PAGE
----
The boy and girl stood up and stretched. They had grown stiff from sitting for so long in their cramped positions on the sled.
Then they looked curiously about. The place was strange to them. They had often wandered in the Great Woods, but they had never before been in this part of it.
"Well," observed Tinkle, "I guess we're lost."
The Strange Cottage
"Look, Tink - a house!"
Tinkle looked in the direction Tod was pointing, and sure enough, there, almost hidden among the trees, was a house. It was very tiny, no more than the smallest cottage. And it appeared very old fashioned, not at all like the farm houses Tinkle and Tod were accustomed to seeing.
It had a thatched roof that sloped down over the walls of the house, like an old hat with the brim turned far down. A stone chimney rose from the roof, and from this there curled upward a wisp of smoke. At the sight of the smoke, Tod said:
"C'mon, Tink, let's get warm!"
The girl was a bit cold after the long ride, so she followed Tod who walked unhesitatingly toward the house. As they approached the cottage, the children saw that it was surrounded by an old-fashioned fence built of stones, enclosing a neat little yard, in the middle of which stood a snow man. The walk that led to the house was swept clean of snow and was made of cobblestones.
An old-fashioned brass knocker was on the heavy oaken door, and Tod raised this and knocked several times.
In a moment the door opened and the children found themselves face to face with an old lady.
Yes, she was old, Tinkle decided, but somehow she looked young, too - as if she had never really stopped being young, no matter how old she was. Her cheeks were fair and soft, her bright blue eyes sparkled merrily, and her snowy white hair was piled high on her head.
"Come in, children! Come in out of the cold and warm yourselves," the old lady invited smilingly.
She was so round and so plump that she nearly filled the small doorway, but now she stood aside and Tod and Tinkle entered the cottage.
"My, my, this is the pleasantest Christmas surprise I've had in months," said the old lady. "I always say Christmas doesn't amount to much without children!"
Tinkle and Tod scarcely heard her, they were so busy looking about them. The inside of the cottage was like pictures they had seen in books of old-fashioned cottages at Christmas time.
There was a great open fireplace on which pine logs were burning cheerily, and over the fireplace hung garlands of holly and bright red forest berries. There were holly wreaths on the walls, and festoons of mistletoe and red berries framed the three little windows of the cottage.
The fat little woman was helping Tod off with his boots before the fireplace, and the boy was staring curiously at a great earthen kettle that simmered over the fire, giving off a delicious aroma of what Tinkle decided must be some kind of soup or stew.
It was so large that it filled one whole corner of the cottage. It was not decorated like any tree that Tinkle or Tod had ever seen. In place of the little electric lights that the children had on their trees, this one had small pink and white and red and blue and green candles with the wax molded in spirals. These candles were set in metal holders in the shapes of stars that were painted silver and gold and blue and red and green, and glittered brightly with the reflected lights of the twinkling candles. The holders were fastened to the branches of the tree, Tinkle noted, with little coiled spring snaps.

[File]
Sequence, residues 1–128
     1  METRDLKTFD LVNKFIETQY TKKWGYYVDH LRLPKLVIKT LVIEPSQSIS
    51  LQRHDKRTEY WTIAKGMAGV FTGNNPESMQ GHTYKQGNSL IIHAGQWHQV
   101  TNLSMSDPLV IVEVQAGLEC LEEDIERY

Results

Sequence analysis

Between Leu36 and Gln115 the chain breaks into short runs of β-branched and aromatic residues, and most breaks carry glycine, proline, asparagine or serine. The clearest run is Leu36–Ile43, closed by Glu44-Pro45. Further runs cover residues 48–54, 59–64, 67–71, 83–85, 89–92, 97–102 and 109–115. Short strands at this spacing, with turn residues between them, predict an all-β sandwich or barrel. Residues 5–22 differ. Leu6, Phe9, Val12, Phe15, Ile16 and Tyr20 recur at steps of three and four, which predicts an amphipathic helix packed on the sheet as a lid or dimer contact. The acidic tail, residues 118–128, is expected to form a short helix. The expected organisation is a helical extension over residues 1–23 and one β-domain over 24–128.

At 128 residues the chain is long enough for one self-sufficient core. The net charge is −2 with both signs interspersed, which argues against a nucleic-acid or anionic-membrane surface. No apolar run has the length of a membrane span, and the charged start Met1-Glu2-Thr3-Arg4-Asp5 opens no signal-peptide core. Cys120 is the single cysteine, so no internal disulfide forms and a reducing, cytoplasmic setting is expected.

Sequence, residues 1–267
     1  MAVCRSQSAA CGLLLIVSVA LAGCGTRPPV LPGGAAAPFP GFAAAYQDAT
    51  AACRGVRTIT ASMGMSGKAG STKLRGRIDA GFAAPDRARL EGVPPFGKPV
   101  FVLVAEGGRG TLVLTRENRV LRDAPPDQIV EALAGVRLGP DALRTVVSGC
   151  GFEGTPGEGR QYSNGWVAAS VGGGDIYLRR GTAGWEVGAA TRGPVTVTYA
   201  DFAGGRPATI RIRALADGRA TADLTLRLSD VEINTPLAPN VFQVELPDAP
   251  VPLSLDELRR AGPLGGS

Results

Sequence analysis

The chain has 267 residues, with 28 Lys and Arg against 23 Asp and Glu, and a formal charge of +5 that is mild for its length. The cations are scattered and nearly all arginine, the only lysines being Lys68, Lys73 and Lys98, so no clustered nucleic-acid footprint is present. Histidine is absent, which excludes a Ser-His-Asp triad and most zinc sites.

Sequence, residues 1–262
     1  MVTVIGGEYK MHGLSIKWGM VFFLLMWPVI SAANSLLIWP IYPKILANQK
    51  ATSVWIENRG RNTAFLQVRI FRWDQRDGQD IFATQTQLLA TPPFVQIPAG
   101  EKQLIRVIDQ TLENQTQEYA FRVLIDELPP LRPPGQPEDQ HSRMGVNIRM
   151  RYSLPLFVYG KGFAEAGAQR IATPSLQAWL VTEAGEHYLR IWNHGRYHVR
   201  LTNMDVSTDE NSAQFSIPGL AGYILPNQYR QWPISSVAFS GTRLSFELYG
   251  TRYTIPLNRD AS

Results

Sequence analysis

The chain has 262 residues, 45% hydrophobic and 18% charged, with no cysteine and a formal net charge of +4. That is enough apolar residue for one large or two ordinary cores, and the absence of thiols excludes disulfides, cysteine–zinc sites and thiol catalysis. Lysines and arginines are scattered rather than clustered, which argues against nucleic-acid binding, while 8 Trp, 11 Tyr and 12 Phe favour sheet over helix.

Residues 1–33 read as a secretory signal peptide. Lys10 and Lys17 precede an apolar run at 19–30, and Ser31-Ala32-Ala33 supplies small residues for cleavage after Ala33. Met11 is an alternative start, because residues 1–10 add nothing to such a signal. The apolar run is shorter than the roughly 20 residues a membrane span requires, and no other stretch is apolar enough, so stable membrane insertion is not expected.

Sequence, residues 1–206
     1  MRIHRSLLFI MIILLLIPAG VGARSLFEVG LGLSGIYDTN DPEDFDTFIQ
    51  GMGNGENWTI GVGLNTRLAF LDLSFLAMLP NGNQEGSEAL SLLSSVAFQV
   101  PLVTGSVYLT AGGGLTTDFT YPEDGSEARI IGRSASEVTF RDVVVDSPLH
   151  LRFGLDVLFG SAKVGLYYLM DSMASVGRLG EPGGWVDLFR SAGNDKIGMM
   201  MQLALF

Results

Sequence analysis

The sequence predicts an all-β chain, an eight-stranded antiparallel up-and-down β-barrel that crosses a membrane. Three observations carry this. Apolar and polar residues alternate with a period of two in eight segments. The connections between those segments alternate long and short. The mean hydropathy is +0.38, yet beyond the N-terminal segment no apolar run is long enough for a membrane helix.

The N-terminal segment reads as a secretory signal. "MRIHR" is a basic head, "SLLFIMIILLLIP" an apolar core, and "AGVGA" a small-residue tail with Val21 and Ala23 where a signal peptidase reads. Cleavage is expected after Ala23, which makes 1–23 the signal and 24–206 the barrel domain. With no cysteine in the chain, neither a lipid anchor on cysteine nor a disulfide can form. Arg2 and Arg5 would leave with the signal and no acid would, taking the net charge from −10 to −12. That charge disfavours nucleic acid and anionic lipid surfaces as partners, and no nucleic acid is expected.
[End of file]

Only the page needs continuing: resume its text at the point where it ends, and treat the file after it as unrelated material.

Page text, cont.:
The tree was covered with strands of white popcorn and ruddy cranberries. There were also many kinds of fancy cookies, and these had been cut in the shapes of angels, boys and girls, Santa Claus, reindeer and the camels on which the three wise men rode to Bethlehem. There were even walnuts on the tree; walnuts whose shells had been carefully painted with gilt, and others painted silver or covered with tin foil, so that they gleamed and glittered brightly.
Tinkle could see that there was not a single ornament on the tree that had come from a store, and yet, she decided, it was the most "Christmasy" looking tree she had ever seen.
The little girl noted all this in much less time than it takes to tell it, and now that she had removed her wraps, she joined Tod before the fire, and turning to the old lady said:
"What a very nice home you have. I had no idea there was such a house on Blue Bell Farm."
The old lady had been bustling about, setting the table with pretty, old-fashioned, hand-painted dishes. Now she paused and, beaming at the little girl, smoothed her apron which was embroidered with marigolds, and said:
"Oh, but you have seen my house many times, my dear! And you have seen me many times - indeed, I have often wondered when you would finally decide to visit me!"
"Then," said Tinkle thoughtfully, "Daddy and Mother must know about this house being here in the Great Woods, too."
"Certainly they do," declared the old lady. "Your mother loves this old house very dearly, and your daddy often stops to look in."
With this the plump little old lady lifted the kettle from the fire and ladled out generous portions of its contents into the prettily painted bowls she had set on the table.
"Come now, my dears, eat your porridge while it is hot," invited the old lady.